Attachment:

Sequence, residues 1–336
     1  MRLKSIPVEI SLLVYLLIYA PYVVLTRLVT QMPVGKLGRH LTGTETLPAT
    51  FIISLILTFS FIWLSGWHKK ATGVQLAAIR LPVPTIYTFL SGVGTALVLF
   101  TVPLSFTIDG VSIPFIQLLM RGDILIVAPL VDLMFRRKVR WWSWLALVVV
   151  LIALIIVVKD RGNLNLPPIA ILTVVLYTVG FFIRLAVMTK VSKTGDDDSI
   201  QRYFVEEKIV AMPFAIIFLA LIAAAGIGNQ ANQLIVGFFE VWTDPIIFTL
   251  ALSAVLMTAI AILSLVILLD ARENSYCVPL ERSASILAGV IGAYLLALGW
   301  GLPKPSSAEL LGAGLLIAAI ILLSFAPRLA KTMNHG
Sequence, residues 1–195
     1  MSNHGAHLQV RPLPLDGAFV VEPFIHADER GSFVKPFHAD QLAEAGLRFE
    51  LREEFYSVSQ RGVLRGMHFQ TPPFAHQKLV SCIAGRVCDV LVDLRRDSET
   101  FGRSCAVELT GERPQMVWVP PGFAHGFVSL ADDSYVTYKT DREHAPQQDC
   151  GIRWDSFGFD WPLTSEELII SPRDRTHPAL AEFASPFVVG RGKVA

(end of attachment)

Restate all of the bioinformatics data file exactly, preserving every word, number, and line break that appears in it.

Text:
Sequence, residues 1–336
     1  MRLKSIPVEI SLLVYLLIYA PYVVLTRLVT QMPVGKLGRH LTGTETLPAT
    51  FIISLILTFS FIWLSGWHKK ATGVQLAAIR LPVPTIYTFL SGVGTALVLF
   101  TVPLSFTIDG VSIPFIQLLM RGDILIVAPL VDLMFRRKVR WWSWLALVVV
   151  LIALIIVVKD RGNLNLPPIA ILTVVLYTVG FFIRLAVMTK VSKTGDDDSI
   201  QRYFVEEKIV AMPFAIIFLA LIAAAGIGNQ ANQLIVGFFE VWTDPIIFTL
   251  ALSAVLMTAI AILSLVILLD ARENSYCVPL ERSASILAGV IGAYLLALGW
   301  GLPKPSSAEL LGAGLLIAAI ILLSFAPRLA KTMNHG
Sequence, residues 1–195
     1  MSNHGAHLQV RPLPLDGAFV VEPFIHADER GSFVKPFHAD QLAEAGLRFE
    51  LREEFYSVSQ RGVLRGMHFQ TPPFAHQKLV SCIAGRVCDV LVDLRRDSET
   101  FGRSCAVELT GERPQMVWVP PGFAHGFVSL ADDSYVTYKT DREHAPQQDC
   151  GIRWDSFGFD WPLTSEELII SPRDRTHPAL AEFASPFVVG RGKVA